Hiyoshi-zukuri or hie-zukuri (日吉造?), also called shōtei-zukuri / shōtai-zukuri (聖帝造?) or sannō-zukuri (山王造?) is a rare Shinto shrine architectural style presently found in only three instances, all at Hiyoshi Taisha in Ōtsu, Shiga, hence the name. They are the East and West Honden Hon-gū (本殿本宮?) and the Sessha Usa Jingū Honden (摂社宇佐神宮本殿?).
It is characterized by a hip-and gable roof with verandas called hisashi on the sides. It has a hirairi structure, that is, the building has its main entrance on the side which runs parallel to the roof's ridge (non gabled-side).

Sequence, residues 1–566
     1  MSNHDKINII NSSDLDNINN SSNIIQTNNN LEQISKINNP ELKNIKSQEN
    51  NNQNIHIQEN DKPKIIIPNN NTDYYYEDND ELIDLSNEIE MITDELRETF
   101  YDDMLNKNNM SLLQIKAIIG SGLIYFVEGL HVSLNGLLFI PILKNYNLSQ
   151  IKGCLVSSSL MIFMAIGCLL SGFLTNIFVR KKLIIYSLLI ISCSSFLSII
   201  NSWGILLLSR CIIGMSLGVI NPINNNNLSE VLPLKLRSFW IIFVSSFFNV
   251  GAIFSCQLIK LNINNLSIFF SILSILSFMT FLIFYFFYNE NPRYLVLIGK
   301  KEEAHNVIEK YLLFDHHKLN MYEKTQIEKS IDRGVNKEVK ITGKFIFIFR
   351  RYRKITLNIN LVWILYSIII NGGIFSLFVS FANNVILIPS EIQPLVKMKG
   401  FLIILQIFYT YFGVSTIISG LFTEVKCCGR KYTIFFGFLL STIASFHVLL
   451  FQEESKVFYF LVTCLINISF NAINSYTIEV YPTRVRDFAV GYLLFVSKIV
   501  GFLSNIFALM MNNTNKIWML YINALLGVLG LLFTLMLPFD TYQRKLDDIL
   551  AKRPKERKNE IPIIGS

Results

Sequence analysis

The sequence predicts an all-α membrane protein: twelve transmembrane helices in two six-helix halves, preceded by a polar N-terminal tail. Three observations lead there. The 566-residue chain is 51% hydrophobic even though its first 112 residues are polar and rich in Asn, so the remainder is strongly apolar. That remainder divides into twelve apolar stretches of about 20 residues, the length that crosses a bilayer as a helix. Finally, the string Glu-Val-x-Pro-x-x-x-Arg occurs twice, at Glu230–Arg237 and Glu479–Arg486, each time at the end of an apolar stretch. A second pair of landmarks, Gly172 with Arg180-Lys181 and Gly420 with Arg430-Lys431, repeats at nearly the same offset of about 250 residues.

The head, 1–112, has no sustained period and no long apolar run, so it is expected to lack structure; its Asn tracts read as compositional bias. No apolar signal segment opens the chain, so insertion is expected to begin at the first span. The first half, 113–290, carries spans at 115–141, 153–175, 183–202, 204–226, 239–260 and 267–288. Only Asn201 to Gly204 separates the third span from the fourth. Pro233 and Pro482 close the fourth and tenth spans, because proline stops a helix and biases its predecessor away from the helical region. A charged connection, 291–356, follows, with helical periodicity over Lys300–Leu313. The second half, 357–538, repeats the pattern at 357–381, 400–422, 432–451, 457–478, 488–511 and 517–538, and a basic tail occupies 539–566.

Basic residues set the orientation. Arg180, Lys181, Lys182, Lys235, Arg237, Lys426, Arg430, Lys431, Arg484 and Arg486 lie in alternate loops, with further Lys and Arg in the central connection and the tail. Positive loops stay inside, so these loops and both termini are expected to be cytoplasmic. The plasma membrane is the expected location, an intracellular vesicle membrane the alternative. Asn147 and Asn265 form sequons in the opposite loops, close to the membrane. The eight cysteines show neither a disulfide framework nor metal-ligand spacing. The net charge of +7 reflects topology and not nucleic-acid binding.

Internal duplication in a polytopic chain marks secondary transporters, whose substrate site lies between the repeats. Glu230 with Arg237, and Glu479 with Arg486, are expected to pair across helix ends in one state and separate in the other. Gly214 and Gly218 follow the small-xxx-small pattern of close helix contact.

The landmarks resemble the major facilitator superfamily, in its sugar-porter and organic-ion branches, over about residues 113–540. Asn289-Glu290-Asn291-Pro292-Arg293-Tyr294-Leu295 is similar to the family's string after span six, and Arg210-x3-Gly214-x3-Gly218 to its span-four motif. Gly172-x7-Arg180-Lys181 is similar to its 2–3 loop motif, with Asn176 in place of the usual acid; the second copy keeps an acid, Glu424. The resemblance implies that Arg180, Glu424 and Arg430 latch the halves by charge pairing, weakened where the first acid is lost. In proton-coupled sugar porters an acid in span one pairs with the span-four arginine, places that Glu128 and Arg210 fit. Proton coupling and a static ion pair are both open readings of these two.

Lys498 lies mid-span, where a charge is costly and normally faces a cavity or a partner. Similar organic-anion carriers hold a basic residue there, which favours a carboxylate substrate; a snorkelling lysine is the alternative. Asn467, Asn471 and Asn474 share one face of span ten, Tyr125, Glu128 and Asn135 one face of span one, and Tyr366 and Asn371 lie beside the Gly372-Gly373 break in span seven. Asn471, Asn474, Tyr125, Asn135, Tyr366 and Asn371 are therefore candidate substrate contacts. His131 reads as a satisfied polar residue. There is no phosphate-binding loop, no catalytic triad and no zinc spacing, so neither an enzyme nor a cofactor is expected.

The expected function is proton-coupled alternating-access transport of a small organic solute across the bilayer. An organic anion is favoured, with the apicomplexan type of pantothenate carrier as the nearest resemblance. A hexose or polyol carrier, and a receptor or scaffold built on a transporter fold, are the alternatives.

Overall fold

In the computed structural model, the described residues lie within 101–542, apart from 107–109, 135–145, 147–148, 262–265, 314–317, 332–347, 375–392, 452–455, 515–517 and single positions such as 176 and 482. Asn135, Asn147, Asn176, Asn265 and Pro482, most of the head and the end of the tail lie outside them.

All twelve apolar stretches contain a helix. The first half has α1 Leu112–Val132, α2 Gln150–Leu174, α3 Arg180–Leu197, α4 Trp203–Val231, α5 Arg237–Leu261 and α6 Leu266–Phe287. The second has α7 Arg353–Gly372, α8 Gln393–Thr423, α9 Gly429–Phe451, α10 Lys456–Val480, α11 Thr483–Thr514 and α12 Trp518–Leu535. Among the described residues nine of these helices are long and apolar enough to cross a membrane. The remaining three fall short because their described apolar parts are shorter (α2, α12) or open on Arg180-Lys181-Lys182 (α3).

The building is composed of a 3x2 ken core called moya surrounded on three sides by a 1-ken wide hisashi, totaling 5x3 ken (see photo). The three-sided hisashi is unique and typical of this style. The gabled roof extends in small porticos on the front and the two gabled sides.The roof on the back has a characteristic shape (see photo below).
- Iwanami Kōjien Japanese dictionary, 6th Edition (2008), DVD version
- The ken is the distance between one supporting pillar and another, a quantity which can vary from shrine to shrine and even within the same building.
- JAANUS, Hie-zukuri
- History and Typology of Shrine Architecture, Encyclopedia of Shinto accessed on November 2009